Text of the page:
Although the program is brand new, with a blanket of white stuff already covering Calgary, one councillor is asking if changes to the green bin program are in order. On Monday, Coun. Sean Chu used his question period query to quiz administration on why the city's green bins are being picked up on a weekly basis when families struggle to fill them â€“ he's had a large number of emails and complaints about the organics collection program.
Save Calgary is still in the nooks and crannies of the internet, and the group on a mission to kick out certain city councillors isn't going anywhere – even though the next election isn't for another four years. During the municipal election, the group, which has four working members, was slammed by councillors and the incumbent mayor as a shady group. These critics renewed calls for a provincial look at third-party fundraising during municipal elections.
The future of Calgary's Saddledome could remain standing as a financially-viable recreation centre, or fall to rubble before, or after, the 2026 Olympics, according to a newly-released report. Tangled in an arena deal, the city's portion for the Calgary Flames would have been a peace offering: paying for the cost of the building's demise to make room for a shiny new edifice in Victoria Park.
Muck Rack makes it simple to find people, tweets, or articles that mention any name, keyword, company, hashtag etc. We've compiled this guide to help you make the most of your search.
Selecting a term
Start searching tweets, articles from media outlets, articles mentioned in tweets, journalists'
names, titles and bios with some suggested searches:
Companies or Topics (e.g. iPhone, Microsoft)
Phrases (e.g. "cloud computing") — use quotes to keep the terms together
Twitter handles (e.g. @username) — returns those who have mentioned or replied to
Names (e.g. "David Pogue")
Hashtags (e.g. #sxsw, #london2012)
Bio details (e.g. vegan, Olympics, father)
Muck Rack's Advanced Search allows for many boolean operators.
Find results that mention multiple specified terms, use AND or
+. For example, ensure each result contains both Elon Musk and Mark Zuckerberg by
searching Musk AND Zuckerberg or Musk + Zuckerberg.
Use the operators OR or , to broaden your search when you'd like either of
multiple terms to appear in results. (This is the default behavior of our search when no operators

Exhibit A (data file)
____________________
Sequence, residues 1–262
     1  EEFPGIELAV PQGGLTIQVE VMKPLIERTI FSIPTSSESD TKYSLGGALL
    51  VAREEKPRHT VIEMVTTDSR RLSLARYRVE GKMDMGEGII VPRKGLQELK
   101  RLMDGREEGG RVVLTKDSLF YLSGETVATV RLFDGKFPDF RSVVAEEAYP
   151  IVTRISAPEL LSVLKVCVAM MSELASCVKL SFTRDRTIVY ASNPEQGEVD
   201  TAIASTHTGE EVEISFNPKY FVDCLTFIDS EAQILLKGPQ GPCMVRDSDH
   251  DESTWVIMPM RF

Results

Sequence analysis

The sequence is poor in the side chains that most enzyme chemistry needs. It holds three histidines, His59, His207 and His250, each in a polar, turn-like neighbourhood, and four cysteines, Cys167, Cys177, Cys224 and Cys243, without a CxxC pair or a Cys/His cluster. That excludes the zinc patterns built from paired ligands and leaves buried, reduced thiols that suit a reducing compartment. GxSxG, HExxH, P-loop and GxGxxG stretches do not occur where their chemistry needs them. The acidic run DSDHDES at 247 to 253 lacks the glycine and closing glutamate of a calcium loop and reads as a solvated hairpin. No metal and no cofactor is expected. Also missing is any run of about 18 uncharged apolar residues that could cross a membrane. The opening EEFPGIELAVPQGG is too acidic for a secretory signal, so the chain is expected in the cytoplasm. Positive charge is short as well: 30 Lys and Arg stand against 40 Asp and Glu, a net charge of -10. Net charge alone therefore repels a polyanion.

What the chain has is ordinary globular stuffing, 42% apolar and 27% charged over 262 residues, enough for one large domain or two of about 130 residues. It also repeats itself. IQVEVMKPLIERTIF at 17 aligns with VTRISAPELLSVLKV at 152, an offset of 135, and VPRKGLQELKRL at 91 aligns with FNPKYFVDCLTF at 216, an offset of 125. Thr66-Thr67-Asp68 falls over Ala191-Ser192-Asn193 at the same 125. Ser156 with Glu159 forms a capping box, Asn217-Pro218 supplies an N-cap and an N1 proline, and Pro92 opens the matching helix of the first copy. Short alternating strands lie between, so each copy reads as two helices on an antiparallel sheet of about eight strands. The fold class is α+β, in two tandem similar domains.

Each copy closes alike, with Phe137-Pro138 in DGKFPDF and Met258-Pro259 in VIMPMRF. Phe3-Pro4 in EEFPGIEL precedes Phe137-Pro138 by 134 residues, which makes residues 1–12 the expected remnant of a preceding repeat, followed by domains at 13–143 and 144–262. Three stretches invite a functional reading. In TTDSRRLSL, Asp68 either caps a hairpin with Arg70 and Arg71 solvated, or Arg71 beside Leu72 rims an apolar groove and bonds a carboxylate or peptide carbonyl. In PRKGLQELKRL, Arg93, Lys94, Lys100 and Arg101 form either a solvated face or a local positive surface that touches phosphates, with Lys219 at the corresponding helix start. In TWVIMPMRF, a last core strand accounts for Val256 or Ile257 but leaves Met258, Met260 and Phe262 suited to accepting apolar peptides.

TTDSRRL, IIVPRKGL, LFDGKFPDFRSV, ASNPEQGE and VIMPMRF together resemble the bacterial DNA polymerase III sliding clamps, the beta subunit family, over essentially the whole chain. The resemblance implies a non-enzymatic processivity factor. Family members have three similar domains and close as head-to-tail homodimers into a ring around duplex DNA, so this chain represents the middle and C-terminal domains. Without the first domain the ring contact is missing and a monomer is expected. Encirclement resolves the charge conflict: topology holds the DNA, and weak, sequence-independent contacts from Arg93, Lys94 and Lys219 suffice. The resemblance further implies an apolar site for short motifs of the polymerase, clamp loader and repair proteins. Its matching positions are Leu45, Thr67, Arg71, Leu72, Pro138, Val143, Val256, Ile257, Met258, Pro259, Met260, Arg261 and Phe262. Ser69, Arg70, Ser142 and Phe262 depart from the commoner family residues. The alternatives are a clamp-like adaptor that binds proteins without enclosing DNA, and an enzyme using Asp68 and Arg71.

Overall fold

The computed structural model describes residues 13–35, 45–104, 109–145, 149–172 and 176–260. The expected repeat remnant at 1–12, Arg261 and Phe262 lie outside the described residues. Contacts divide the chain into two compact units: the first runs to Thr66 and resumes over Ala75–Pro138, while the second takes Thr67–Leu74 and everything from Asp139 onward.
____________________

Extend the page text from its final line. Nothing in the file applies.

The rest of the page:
are used). For example, results will contain either cake or cookie by searching cake OR cookie or cake,cookie
Use NOT or - to subtract results from your search. For
example, searching Disney will yield results about the Walt Disney Company as well as Walt Disney
World Resort. To exclude mentions of Disney World, search for Disney -World or Disney
When using one of these operators with a phrase, enclose it in quotation marks. For example, you can
find results about smartphones excluding Apple's iPhone 4S by searching smartphone -"iPhone
Exact case matching or punctuation
If you're searching for a brand name or keyword that relies on specific punctuation marks or capitalization, you can
find results that match your exact query by adding matchcase: before the keyword you're searching for, like matchcase:E*TRADE .
Use parentheses to separate multiple
boolean phrases. For example, to find journalists talking about having fun in Disney World or
Disneyland, search for ("disney world" OR disneyland) AND fun.
An asterisk can be used to search for any variation of a root word truncated by the asterisk. For example, searching for admin* will return results for administrator, administration, administer, administered, etc.
A near operator is an AND operator where you can control the distance between the words. You can vary the distance the near operation uses by adding a forward slash and number (between 0-99) such as strawberries NEAR/10 "whipped cream", which means the strawberries must exist within 10 words of "whipped cream".